In an effort to discuss the issues faced by Agile teams, I’ve broken down these issues into the following categories: People, Process, Technology, Teams, Management and Culture. My final article in this series of articles (,  and ) discusses team, management and cultural impediments faced by teams transitioning to an Agile model.
On the whole, teams seldom present impediments to Agile adoption. Most Agile frameworks strongly advocate close, cohesive team work and the result is typically advantageous to team environments. The learning process that the team needs to undergo may be very slow [at least initially], but I personally won’t consider that to be an impediment. I simply view this as being the nature of change.
So, if there is going to be any friction, it is likely to be between different teams than within a particular team. There is the possibility of friction in any situation when one team is dependant upon another or where two different teams are using different methodologies; Agile vs. RUP, for example. In both these situations the standard approach is to prioritize dependant functionality early and code to an agreed upon interface … but this is overly simplistic. I feel that’s it’s important to recognize that there is a dynamic relationship between dependant teams which needs to be actively, and continuously worked. Failing to acknowledge the risks involved in dependant projects can quickly lead to confusion and impact the team performance.
“In the culture of management, the worst thing you can do is admit to anyone that you have a problem you can’t handle by yourself. If you really do need help, you have to sneak it in somehow without admitting in public that there is any problem at all.” – Gerald Weinberg.
Educating a new client on how to build an Agile organization can be very slow and difficult work. In order to be successful you need to be able to speak persuasively at many different levels of the organization. Speaking to the team or to individual members of the team is the usual approach because this is the level into which most consultants are brought. But there is also a wider audience to consider which includes functional managers, the PMO and HR. Failure to address this wider audience can hobble the transition to Agile (see below).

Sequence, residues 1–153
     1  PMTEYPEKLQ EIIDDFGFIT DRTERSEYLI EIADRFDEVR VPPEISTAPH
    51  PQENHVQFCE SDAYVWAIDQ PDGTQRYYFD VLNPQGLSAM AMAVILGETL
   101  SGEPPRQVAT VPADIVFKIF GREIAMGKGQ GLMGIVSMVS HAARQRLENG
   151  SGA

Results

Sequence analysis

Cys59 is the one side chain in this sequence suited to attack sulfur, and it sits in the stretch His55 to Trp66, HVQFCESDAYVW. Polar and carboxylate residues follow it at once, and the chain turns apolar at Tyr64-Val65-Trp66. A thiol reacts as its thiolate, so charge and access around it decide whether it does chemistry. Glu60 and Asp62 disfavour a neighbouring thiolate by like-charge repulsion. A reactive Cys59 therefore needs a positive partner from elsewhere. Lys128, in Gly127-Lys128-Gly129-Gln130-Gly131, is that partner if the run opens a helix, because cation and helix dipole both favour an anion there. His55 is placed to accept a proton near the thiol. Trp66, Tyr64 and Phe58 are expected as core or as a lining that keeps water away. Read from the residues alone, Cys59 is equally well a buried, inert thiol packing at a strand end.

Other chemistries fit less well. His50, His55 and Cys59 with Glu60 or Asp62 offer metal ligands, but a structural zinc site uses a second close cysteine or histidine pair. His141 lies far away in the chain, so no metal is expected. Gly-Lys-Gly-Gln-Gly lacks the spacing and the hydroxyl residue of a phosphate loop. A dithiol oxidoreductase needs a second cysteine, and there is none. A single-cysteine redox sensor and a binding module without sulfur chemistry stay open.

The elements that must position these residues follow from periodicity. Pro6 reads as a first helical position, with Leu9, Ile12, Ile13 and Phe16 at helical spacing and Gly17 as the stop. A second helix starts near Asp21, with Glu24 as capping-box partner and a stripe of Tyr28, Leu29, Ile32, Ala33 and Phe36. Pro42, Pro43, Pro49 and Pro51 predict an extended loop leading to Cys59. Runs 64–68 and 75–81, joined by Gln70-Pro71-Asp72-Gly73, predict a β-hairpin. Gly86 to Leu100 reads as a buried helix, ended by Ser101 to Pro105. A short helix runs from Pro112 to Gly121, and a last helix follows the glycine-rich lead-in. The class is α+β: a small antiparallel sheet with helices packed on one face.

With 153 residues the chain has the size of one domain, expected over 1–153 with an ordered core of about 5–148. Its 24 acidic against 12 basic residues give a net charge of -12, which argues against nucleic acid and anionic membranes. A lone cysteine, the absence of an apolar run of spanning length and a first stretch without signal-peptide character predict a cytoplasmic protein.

There is an assumption that management are able to see the changes for themselves and that they will automatically understand the value of Agile methods. I’ve personally found management to no different from everyone else and that they also require education, coaxing and convincing that there is a better way to develop software. The only difference is that the topics of conversation are different for management then they are for developers: instead of discussing TDD, discuss Agile metrics (burn-down graphs over actual developer hours); instead of discussing Pair Programming, discuss the need for collocation.
When working with management, I’ve found that I’ve needed to pay special attention to both Agile metrics (or the lack, there-of), and adaptive planning over predictive planning. The Agile approach to both of these is counter intuitive for most classically trained managers and requires constant reinforcing.
As I’ve mentioned in previous articles, cultural changes are the most difficult to make within an organization. There will constantly be the argument “That’s not how we do things here”, or “We can’t implement that here”. These are “Yes but …” arguments as Ken Schwaber points out in his course. There are no easy answers, especially for something that’s as intangible as company culture.
“… logic and culture have nothing to do with one another.” – Gerald Weinberger
Cultural specific impediments are often related to how an organization rewards it’s employees. Specifically, the compensation, promotion and career planning models. In an environment where performance is determined by specialization of knowledge, the promotions and compensation models reward the compartmentalization of knowledge. Over a period of time (several years) this results in the organization having two (and maybe more) attributes: Certain activities are performed by specific individuals; and, the organization is managed as a matrix.